As per usual, the Internet went insane in the wake of Saturday's shocking reveal that Deadpool director Tim Miller fled the upcoming sequel over what was described as 'creative differences' between himself and star Ryan Reynolds.
Almost as soon as the news trickled out, fanboys (and girls) launched online petitions asking for Quentin Tarantino to be brought on board as a replacement, because as you know, Tarantino is clearly the only director able to pull off the sort of ultraviolence that a film like Deadpool 2 clearly requires.
Conversely, as soon as the petitions went up, another faction demanded that the new director be a woman, because that's also where we are these days, which on the whole, is fine, but in the midst of all these non-official decisions, I think it's best we all step back, take a collective breath and discuss why it is that not only is Miller's departure not an emergency, it might be necessary, because too much success too soon often leads to disaster.
Here's the thing about success: it's easier to stumble into than it is to recreate. Let's pretend for a moment that everyone involved--the entire team behind the original film--came back for the sequel. In that instance, you'd have one of three outcomes:
A) The film would be more of the same, which could be good or bad, depending on how recycled the jokes were and how much more Fox is willing to spend on the budget.
B) Overwhelming expectations would pressure Miller and Reynolds to create something too ambitious and as they spared no expense, they lost pretty much everything that made the first film beloved, not because it was a home run, because it wasn't, but because people were surprised the thing made it to screen in the form it did in the first place.
C) Deadpool 2 is miles ahead of the original and manages to not only double its box office take, but also garners no less than three to five Oscar nominations.
So basically, if my little metric here is true, Deadpool 2 under Miller's direction would have only a one-third's chance of being a rousing success. Not exactly a long shot, but certainly enough to lend sobering credence to the notion that Miller's departure may not be such a bad thing.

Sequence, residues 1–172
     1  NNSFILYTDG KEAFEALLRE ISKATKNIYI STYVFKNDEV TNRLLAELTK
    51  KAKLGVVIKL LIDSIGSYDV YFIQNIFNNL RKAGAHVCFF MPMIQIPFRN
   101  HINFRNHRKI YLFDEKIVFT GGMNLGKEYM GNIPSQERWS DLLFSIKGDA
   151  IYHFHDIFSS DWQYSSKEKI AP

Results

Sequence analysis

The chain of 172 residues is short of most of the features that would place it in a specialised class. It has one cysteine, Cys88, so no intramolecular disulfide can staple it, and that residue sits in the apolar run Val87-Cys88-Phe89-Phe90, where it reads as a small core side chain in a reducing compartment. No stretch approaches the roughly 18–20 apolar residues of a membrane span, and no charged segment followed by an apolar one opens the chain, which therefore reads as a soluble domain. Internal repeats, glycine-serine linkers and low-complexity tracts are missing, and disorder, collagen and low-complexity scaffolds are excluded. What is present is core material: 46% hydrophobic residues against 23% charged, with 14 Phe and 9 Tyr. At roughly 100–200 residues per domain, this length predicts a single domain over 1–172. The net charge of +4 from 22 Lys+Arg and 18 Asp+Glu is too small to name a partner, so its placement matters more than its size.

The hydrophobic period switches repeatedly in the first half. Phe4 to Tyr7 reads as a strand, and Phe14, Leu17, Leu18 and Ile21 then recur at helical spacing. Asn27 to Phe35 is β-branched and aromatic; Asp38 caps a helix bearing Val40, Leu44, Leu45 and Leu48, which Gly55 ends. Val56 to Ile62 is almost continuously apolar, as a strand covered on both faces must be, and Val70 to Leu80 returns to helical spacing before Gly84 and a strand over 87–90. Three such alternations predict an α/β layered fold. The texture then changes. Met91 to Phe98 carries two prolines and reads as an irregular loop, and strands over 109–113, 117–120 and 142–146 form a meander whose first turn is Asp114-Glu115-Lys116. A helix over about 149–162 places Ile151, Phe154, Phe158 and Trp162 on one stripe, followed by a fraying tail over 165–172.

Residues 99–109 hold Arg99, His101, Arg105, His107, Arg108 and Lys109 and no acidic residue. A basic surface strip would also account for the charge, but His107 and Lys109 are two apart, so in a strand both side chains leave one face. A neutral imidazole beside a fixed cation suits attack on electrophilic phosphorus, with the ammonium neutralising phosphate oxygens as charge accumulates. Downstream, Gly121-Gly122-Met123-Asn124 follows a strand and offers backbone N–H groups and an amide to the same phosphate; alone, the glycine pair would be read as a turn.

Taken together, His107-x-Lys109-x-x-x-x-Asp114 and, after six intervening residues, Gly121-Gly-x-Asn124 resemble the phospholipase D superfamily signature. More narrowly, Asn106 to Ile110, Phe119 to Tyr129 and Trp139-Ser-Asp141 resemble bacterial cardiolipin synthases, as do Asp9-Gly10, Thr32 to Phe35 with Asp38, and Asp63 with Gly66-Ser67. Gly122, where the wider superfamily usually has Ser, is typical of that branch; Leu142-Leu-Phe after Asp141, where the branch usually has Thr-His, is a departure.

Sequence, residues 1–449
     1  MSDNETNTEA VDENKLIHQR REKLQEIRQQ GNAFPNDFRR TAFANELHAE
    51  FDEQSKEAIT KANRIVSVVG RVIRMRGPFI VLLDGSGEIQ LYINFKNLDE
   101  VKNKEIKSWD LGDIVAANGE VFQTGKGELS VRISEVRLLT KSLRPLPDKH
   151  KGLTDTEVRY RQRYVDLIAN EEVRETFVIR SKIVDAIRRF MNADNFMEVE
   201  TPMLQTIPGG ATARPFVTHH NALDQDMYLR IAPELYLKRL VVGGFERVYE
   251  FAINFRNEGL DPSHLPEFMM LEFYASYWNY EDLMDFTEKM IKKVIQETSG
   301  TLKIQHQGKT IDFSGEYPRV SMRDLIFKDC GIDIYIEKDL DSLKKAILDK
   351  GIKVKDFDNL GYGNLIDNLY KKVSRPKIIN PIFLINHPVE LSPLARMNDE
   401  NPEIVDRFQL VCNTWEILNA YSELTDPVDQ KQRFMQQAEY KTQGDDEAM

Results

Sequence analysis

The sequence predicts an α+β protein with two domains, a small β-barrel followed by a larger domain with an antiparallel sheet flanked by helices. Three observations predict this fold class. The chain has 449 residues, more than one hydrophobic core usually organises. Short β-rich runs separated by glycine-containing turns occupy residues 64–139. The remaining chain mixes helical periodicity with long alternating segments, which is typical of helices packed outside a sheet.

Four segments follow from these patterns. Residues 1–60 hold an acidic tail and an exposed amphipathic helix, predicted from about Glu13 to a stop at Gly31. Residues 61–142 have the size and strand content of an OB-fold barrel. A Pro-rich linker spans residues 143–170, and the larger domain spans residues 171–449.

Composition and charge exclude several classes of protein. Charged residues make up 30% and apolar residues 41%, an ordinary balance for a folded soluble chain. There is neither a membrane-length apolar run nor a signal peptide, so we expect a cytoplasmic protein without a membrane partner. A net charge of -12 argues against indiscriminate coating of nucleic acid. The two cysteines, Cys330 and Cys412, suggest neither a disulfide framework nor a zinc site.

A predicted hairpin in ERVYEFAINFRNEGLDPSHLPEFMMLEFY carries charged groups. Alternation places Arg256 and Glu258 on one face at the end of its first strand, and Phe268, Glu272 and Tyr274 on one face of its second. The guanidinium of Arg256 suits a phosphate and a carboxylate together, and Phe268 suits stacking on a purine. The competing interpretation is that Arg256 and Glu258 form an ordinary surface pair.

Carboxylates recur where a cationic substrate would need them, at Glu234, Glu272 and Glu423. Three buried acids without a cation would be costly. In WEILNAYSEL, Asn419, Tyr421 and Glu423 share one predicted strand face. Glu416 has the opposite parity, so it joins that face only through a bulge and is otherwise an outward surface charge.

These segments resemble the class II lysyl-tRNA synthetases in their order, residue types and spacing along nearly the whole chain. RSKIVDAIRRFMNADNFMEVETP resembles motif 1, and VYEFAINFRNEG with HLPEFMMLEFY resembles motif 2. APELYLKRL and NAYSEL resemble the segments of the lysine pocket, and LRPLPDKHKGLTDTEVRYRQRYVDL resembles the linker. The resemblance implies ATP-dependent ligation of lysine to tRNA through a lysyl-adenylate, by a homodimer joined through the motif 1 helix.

Now if we were to be optimistic about Miller, then the argument for keeping him would've been anchored around the idea that Bryan Singer managed to succeed on a budget-constrained X-Men in 2000, and parlay it into an even more successful X2, which blew up at the box office, justifying the much-larger budget.
That said, the difference between Singer and Miller is that Singer had the experience that Miller did not with films like The Usual Suspects under his belt. Before Deadpool, Miller's primary work was all digital effects, and while that was a huge benefit to a movie with a minuscule budget, one can't help but wonder whether or not more money and more creative freedom would end up being a negative for a director fresh off a big success.
Just ask Josh Trank.
While the parting was reported as 'amicable' (PRO TIP: They usually aren't), the reasoning for the rift actually makes sense. Reynolds wanted a film that fit more into the above-mentioned category A, and Miller wanted a film somewhere between categories B and C.
It certainly was no secret that Deadpool 2 is including Cable, and while fan interest focused on Ron Perlman or Steven Lang, Miller was interested in Kyle Chandler. While on the surface not an awful choice, neither fans or Reynolds were on board with the potential casting, and it was only a portion of an overall picture of discord between the two on a vision that could kill the franchise before it ever fully took flight.
As a spectator, if I have to choose between Reynolds or Miller, I'm riding with Reynolds, and it's only because his almost fanatical desire to get Deadpool right generated the sort of good will that put the film over the top. While Miller arguably got the ball rolling by releasing the now legendary test footage that got the into production, there's just something that says a fresh set of eyes could take the baton and truly lead to something better.
It's simply too early to say for sure what's going to happen, and more importantly, no matter what the fans think they may want, aiming as high as Tarantino for the sequel would likely do more harm than good. The reality is that if Tarantino wanted to do a superhero flick by now, it would've been a done deal some time ago. Tarantino does best when he's adapting his own material his way, and even a director with his stature would not be given total latitude from Fox with a higher budget.
In short, it's a recipe for disaster, so please, stop with the Tarantino.
Although we've already covered how hard it is to catch lightning in a bottle twice, the easiest path to success is to bring a director on board who understands the sort of humor that buffers the violent nature of Deadpool. Reynolds needs a good director to allow him to indulge to a point, while also reining him in before he glides into self-parody (more than the acceptable level of self-parody).
There's quite a bit riding on Deadpool 2, but with more than a year and a half before it's 2018 release, fans need to chill out and let the process take care of itself. Miller leaving could actually be a good thing, and with a new franchise that sports this much good will, it's probably better to focus on the promise of an even better film than the first.
That is, unless Bryan Singer is named as the replacement. Then you can panic.